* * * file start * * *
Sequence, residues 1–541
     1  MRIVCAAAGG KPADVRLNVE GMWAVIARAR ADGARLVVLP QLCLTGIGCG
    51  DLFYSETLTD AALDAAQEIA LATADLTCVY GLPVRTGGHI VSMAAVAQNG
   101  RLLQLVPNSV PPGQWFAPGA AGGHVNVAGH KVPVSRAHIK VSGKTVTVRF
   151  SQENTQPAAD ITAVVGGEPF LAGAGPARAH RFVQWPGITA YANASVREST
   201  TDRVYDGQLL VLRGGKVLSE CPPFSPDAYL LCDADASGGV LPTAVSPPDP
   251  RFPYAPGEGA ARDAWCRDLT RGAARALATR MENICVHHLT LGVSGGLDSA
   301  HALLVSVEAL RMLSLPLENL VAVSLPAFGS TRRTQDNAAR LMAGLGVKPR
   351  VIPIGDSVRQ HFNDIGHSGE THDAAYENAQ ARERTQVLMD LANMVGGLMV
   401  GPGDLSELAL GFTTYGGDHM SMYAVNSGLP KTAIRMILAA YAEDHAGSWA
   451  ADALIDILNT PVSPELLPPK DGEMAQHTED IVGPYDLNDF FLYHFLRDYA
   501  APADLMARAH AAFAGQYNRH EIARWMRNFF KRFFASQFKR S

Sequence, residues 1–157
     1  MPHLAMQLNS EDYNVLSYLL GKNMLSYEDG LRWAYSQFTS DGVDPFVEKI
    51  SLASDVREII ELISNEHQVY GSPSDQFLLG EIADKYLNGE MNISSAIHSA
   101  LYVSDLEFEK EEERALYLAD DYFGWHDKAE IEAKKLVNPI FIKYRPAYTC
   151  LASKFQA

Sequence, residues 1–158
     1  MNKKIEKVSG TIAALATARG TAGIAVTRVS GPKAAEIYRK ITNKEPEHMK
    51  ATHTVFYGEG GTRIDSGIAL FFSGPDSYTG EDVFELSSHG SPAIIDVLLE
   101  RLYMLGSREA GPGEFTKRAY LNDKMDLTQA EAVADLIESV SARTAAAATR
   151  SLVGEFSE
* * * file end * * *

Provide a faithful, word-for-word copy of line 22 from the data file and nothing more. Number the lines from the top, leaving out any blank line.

   151  SLVGEFSE